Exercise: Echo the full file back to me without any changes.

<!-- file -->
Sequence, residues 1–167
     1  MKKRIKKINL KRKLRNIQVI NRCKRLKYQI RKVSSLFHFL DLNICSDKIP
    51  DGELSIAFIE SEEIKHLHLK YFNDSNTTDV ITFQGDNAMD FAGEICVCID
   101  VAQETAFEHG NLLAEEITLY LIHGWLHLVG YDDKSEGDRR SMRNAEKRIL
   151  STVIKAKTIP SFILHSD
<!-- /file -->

Sequence, residues 1–167
     1  MKKRIKKINL KRKLRNIQVI NRCKRLKYQI RKVSSLFHFL DLNICSDKIP
    51  DGELSIAFIE SEEIKHLHLK YFNDSNTTDV ITFQGDNAMD FAGEICVCID
   101  VAQETAFEHG NLLAEEITLY LIHGWLHLVG YDDKSEGDRR SMRNAEKRIL
   151  STVIKAKTIP SFILHSD